“You kind of get choked up when you see the letters that his mom, his family wrote for him,” Aaron Judge said. “That was a touching moment and I just tried to soak it all in. I tried to enjoy the whole thing. I enjoyed the crowd’s reaction, his reaction, his family’s reaction and that’s something I’ll definitely never forget.”

“That one had a real personal feel to that, with Amber and the kids and obviously Ms. Margie reading messages to CC,” Brett Gardner added. “I needed to put my sunglasses on when they started doing that, because CC just means a lot to me.”

At the suggestion of senior vice president of marketing Debbie Tymon, the Yanks tabbed Sabathia to toss the ceremonial first pitch to his mother, a one-time softball star who used to catch the Little Leaguer in their California backyard until she couldn’t handle his increasing velocity.

“She was just excited,” Sabathia said. “I don't even know what she sacrificed to get me here. She's got to be excited with how things turned out. I was just happy she was able to be here and celebrate and enjoy this moment with me.”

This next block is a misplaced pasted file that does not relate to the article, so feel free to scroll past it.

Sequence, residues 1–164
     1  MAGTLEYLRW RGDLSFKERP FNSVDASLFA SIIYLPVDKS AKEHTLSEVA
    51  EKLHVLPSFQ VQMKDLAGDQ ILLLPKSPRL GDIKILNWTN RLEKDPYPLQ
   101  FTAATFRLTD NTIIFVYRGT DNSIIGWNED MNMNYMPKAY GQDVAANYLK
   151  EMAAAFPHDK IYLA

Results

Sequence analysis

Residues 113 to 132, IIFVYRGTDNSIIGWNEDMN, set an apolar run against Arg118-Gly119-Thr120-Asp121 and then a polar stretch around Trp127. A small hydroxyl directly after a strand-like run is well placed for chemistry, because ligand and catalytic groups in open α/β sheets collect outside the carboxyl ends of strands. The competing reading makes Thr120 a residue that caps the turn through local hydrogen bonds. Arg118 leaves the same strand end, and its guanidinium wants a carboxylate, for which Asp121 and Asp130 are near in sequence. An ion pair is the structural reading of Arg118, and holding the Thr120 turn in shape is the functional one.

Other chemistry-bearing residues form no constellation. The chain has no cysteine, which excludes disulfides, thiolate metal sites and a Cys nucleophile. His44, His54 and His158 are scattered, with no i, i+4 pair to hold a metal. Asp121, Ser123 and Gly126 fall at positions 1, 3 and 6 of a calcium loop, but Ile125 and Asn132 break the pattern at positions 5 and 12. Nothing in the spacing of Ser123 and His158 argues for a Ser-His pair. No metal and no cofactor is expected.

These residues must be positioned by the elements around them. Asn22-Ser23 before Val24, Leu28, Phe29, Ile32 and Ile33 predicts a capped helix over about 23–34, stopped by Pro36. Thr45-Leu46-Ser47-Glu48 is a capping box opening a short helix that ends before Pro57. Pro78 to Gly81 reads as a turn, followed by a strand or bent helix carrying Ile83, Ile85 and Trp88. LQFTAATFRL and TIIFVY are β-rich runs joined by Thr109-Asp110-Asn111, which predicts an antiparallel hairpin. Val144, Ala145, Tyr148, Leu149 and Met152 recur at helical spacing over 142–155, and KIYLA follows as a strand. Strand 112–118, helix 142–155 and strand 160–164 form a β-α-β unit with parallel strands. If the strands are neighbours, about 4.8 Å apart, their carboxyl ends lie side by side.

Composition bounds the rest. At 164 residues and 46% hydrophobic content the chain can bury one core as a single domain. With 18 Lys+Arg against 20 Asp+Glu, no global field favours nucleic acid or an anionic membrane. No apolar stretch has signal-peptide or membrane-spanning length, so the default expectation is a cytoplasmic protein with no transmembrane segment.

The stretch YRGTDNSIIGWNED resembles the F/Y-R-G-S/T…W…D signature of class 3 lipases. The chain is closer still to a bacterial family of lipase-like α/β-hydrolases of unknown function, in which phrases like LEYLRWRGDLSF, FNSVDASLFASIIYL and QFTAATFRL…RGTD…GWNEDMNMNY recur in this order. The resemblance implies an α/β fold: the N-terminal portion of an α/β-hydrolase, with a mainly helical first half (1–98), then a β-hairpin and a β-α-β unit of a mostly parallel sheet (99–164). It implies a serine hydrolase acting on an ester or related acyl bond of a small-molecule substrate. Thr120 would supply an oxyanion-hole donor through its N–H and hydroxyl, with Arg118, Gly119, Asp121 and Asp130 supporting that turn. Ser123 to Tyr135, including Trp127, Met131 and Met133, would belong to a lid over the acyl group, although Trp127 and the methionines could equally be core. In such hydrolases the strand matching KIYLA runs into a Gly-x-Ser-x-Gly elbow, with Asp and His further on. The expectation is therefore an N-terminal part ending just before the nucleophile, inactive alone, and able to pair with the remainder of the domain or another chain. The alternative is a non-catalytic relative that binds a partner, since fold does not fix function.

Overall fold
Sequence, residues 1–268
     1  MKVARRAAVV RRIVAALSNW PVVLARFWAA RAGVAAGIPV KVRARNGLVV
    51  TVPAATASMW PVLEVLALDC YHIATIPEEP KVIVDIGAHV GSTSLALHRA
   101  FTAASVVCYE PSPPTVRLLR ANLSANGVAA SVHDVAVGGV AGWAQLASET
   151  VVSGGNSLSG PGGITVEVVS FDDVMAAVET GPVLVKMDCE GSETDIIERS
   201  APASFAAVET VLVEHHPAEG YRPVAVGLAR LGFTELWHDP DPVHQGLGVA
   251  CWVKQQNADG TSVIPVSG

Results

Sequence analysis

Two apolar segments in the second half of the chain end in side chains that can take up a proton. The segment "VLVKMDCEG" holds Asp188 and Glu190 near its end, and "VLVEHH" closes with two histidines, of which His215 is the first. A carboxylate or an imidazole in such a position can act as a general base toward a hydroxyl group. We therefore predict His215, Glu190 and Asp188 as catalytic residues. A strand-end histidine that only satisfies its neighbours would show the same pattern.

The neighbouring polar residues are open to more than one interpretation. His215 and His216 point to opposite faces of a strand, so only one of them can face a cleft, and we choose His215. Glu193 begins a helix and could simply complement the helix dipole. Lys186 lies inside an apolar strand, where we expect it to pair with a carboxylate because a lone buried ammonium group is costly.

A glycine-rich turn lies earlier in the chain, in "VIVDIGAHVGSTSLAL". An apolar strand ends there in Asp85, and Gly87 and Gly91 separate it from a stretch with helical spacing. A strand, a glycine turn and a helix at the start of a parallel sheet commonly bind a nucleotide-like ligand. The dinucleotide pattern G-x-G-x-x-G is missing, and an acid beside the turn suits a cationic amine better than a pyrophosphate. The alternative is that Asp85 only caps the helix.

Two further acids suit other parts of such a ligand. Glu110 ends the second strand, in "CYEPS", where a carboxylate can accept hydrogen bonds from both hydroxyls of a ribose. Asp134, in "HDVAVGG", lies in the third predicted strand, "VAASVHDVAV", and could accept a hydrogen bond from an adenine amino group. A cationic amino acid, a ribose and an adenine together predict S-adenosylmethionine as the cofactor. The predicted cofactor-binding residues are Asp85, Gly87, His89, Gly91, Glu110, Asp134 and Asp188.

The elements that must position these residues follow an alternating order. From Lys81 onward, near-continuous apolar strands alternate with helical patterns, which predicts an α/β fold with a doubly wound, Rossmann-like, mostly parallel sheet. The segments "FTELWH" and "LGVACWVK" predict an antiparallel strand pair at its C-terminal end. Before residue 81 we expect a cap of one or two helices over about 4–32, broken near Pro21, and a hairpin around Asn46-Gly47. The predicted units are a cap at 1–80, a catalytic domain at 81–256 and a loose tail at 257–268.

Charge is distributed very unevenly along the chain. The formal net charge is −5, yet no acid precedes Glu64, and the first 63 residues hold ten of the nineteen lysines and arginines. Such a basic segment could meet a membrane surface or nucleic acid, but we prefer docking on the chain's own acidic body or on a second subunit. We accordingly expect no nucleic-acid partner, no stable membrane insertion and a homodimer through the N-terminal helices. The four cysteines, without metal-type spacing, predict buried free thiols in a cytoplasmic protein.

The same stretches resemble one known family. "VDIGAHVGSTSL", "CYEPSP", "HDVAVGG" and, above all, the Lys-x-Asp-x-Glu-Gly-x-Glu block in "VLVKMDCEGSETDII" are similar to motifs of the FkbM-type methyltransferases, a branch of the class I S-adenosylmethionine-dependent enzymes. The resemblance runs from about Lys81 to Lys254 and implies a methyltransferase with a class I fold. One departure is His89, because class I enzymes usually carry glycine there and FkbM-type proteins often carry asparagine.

Sabathia had a gift for his teammates earlier in the week, procuring dozens of signature Nike Jordan cleats, each with Sabathia’s No. 52 embroidered into the tongue. Sabathia said that he followed the lead of Yanks legends Mariano Rivera and Derek Jeter, both of whom produced similar gifts for the roster in their final weeks wearing the uniform.

“I don't think there's anyone that has more respect from the people in that room -- from the players, staff, myself,” Boone said. “When you have a guy like that, that's an accomplished future Hall of Famer, that lives and breathes [that] it's about team and it's about us having a chance to win, I think that rubs off on all the guys.”

This time of transition sees Sabathia taking on a new challenge as he prepares for a bullpen role that he called both “exciting” and “nerve-wracking.”